Fasting causes muscle mass loss. False
It is not true and there are no studies showing that we require protein every three hours to maintain our muscle mass. None. There are studies showing that our bodies can go for up to 72 hours without any protein before any muscle ‘feeding’ takes place.
With IF, the fasting windows are never more than 24 hours so there is no fear of muscle loss with an IF lifestyle. One important note on protein and muscles – we can only increase our muscle mass if we regularly practice strength training; only impact/compression exercise can build muscle – so fast and train and get ripped!
During the Feeding Window
· Do not fear weight gain when in the fed state
· Eat real, whole foods and avoid processed foods
· Break Well – with alkalizing fresh foods
· Overeating/Poor Food Choices
· Undereating – causing frustrations, cravings and feelings of being ‘h-angry’
· Breaking Badly!
During the Fasting Window
· Begin slowly and build gradually
· Keep busy!
· Enjoy as many zero calorie drinks as you like
· Do not try to be perfect – be patient and kind with yourself on this journey
· Nibbling/munching during the fasting hours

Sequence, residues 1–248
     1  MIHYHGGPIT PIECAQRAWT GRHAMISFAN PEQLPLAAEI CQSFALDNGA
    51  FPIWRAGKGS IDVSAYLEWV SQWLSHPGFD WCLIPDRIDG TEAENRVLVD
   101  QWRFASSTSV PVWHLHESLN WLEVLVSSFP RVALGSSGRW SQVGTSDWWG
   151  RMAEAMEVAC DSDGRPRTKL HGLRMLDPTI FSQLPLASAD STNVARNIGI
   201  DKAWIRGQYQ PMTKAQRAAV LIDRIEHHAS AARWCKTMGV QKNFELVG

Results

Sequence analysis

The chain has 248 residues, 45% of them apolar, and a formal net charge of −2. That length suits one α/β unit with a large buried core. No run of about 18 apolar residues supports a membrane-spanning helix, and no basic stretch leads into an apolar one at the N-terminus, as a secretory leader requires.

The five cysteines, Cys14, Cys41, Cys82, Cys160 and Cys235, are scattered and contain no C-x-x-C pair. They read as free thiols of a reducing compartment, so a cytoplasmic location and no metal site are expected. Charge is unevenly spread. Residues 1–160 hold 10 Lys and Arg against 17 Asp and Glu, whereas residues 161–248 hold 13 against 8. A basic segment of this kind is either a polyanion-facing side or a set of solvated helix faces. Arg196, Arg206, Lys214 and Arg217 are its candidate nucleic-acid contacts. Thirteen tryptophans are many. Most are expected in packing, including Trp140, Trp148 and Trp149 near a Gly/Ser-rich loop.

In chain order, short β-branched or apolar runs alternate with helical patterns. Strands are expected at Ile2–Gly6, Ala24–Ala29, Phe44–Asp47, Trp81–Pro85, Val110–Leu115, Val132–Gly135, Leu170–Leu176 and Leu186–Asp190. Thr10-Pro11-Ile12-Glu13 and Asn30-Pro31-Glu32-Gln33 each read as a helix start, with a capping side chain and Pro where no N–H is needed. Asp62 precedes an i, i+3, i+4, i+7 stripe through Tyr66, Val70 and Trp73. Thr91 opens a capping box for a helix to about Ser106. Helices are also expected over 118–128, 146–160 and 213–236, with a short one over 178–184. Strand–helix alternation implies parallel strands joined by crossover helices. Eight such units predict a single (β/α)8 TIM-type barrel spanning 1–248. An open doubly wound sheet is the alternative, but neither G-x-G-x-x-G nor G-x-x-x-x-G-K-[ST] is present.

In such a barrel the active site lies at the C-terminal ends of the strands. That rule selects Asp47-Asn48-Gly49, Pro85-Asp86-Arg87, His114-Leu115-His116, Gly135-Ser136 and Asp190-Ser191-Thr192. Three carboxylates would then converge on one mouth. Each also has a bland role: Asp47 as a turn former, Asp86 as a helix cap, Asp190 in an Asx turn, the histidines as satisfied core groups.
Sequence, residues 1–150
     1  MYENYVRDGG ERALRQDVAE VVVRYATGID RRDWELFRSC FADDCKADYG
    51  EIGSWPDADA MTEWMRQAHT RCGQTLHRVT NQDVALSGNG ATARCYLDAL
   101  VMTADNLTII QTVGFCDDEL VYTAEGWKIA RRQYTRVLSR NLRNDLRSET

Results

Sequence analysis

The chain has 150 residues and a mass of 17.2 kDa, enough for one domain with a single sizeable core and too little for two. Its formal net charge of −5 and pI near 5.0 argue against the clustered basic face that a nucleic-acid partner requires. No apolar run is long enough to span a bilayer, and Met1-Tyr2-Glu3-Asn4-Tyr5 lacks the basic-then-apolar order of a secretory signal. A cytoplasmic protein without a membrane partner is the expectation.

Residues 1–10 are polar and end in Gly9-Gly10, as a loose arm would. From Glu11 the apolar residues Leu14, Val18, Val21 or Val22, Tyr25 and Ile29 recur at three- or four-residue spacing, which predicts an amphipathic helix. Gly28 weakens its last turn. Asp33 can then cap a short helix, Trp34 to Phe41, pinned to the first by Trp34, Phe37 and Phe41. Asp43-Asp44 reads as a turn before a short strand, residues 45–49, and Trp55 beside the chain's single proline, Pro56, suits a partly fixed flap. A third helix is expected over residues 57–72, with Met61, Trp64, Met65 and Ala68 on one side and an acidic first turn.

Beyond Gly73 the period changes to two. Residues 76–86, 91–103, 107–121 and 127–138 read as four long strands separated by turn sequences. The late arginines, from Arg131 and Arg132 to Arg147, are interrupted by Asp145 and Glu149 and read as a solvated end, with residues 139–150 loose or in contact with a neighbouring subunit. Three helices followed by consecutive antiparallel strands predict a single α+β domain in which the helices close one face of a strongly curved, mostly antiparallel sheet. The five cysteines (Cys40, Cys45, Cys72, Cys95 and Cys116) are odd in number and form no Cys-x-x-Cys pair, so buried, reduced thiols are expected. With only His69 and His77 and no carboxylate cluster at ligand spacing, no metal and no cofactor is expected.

· Not keeping busy and occupied
· Not fasting long enough
· Not understanding the full spectrum of benefits offered by practicing IF
· Giving up too quickly – it takes time for our bodies to adjust
Patience – Kindness – Forgiveness – Gratitude
Practice these actions with yourself daily
Always remember ...
A key component to successful IF is your nutrition during your feeding window. Be sure to focus on nutrient dense foods to ensure your body receives the vitamins and minerals it needs to perform optimally.
Remember – IF is a lifestyle choice, one that can be practiced each and every day of your life. Explore the IF options and find the one that fits best into your schedule and preferences. Please click here to learn about the four primary types of Intermittent Fasting.
Keep at it … it has taken some time for your body to learn its current feeding schedule, allow it time to adjust to a new schedule now so that you can fully reap the health benefits of IF.